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Stikine-LeConte Wilderness

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An iceberg sits at the edge of LeConte Bay. The water mirrors the iceberg, which looks like a frozen blue wave of ocean water.
Library image #2032: Icebergs in LeConte Bay, Tongass National Forest.

Introduction

The United States Congress designated the Stikine-LeConte Wilderness (map) in 1980 and it now has a total of 448,926 acres. All of this wilderness is located in Alaska and is managed by the Forest Service.

Description

The mighty Stikine River is the lifeline flowing through this wilderness. It is North America's fastest, free flowing navigable river. LeConte Glacier also flows through the wilderness, if a bit slower. LeConte is North America's southern most tidewater glacier, depositing icebergs into LeConte Bay. Glaciers have sculpted the granite bedrock into the U-shaped valley of the Stikine River. For centuries that valley has served as a corridor through the Coast Range for wildlife and humans, including native peoples and the rush for gold. The Stikine River valley, with its thick forest and side sloughs, provides a Wilderness playground for boaters. There are opportunities for tranquil paddling as well as speedy motorboat rides. One moment you may be watching a lone moose or brown bear venturing to the edge of River and the next, meeting a group of fun-loving visitors at Chief Shakes Hot Springs. The wilderness includes the River's estuary with extensive grasslands and delta mudflats as the river reaches the Pacific Ocean. The Stikine-LeConte Wilderness boasts: Kate's Needle at 10,002 ft- the highest peak on the Tongass National Forest; the Stikine Ice fields - the largest ice field on the Tongass National Forest; the world's largest spring concentration of bald eagles (up to 1500); and a major stopover on the Western Flyway with shorebird migration averaging 350,000 birds a day.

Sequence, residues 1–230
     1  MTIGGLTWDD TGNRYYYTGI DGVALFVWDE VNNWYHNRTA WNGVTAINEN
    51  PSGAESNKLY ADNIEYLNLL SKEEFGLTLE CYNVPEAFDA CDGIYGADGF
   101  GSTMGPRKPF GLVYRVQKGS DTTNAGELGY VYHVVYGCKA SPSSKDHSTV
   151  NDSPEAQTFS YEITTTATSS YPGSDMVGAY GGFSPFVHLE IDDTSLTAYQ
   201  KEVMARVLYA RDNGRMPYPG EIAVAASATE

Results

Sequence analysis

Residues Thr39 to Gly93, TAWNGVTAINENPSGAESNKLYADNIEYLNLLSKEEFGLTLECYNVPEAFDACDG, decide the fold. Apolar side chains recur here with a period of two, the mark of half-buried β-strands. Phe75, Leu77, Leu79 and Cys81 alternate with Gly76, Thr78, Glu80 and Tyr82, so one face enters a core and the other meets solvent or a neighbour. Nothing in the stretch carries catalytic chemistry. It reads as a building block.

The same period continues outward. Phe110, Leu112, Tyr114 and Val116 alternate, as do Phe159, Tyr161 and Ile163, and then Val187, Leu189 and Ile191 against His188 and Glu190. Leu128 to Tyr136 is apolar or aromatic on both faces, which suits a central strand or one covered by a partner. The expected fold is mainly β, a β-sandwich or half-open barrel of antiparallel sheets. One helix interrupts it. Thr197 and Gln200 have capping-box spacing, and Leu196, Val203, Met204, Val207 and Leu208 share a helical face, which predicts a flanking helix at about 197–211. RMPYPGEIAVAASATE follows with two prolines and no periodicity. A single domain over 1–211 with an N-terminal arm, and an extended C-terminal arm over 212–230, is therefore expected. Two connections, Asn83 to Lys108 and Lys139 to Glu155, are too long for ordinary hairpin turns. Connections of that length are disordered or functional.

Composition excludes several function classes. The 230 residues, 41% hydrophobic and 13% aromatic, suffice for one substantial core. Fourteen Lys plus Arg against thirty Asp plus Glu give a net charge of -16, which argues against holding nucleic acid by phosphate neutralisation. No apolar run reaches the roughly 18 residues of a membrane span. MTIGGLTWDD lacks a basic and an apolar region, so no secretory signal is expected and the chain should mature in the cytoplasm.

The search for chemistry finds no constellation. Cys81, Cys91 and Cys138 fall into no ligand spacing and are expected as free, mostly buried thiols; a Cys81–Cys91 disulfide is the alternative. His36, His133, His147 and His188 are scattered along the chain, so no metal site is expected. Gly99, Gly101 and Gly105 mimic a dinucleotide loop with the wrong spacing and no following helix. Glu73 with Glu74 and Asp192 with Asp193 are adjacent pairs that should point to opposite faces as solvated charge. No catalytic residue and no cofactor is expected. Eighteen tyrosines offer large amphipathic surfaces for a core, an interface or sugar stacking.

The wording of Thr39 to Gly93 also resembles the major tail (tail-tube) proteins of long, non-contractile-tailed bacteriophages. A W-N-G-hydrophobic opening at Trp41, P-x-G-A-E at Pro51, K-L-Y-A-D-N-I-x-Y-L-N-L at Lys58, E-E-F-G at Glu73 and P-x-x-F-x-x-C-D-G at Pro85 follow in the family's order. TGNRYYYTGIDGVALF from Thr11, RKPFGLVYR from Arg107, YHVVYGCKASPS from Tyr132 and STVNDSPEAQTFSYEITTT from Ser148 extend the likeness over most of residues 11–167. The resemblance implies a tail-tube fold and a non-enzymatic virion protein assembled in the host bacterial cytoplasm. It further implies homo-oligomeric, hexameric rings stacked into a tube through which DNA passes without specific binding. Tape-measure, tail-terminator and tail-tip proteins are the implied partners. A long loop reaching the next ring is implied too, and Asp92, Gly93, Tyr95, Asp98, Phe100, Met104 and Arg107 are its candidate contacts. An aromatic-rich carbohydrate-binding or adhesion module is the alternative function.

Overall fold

Stikine has been a major transportation route for centuries, first beginning with Alaskan native inhabitants and later with fur traders and miners. Today the river remains an important transportation route for the United States and Canada. Many outfitters and guides use it for fly-fishing, hunting, and camping but the highest amount of guiding involves high speed jet boating for nature-based sightseeing tours. Commercial fishing industries transport fish for processing and to the market. The river also supports the mining industry (located on the Canadian side), acting as a conduit for miners and their families, equipment, processing and market transport. The river channel is important culturally for subsistence and sport fishing, hunting, and sightseeing. Twelve public use cabins, 16 special-use permitted cabins, a developed hot springs, two hiking trails, and swimming area provide a variety of recreational activities for visitors and the local public along the banks of the river.

This 449,951 acre wilderness is east of Petersburg and north of Wrangell, on the mainland. It includes the Stikine River watershed and the LeConte Bay watershed and icefields, from the Canadian boundary to the sea. The boundary extends from Frederick Sound on the west to the Alaska-Canada boundary on the east. The Stikine River valley and LeConte Bay receive moderate to high use in the summer. The Stikine River is an 1871 Treaty River for commerce between the United States and Great Britain. The adjacent icefields remain wild and remote.

The most frequently used means of access is small boat. Some access is by paddleboat and float plane during the summer or by snowmachine during the winter. The Stikine River provides access via small boat from salt water, through the Wilderness, across the Alaska boundary and into the interior of Canada.

Planning to Visit the Stikine-LeConte Wilderness?

Leave No Trace

How to follow the seven standard Leave No Trace principles differs in different parts of the country (desert vs. Rocky Mountains). Click on any of the principles listed below to learn more about how they apply in the Stikine-LeConte Wilderness.
  1. Plan Ahead and Prepare
  2. Travel and Camp on Durable Surfaces
  3. Dispose of Waste Properly
  4. Leave What You Find
  5. Minimize Campfire Impacts
  6. Respect Wildlife
  7. Be Considerate of Other Visitors
For more information on Leave No Trace, Visit the Leave No Trace, Inc. website.



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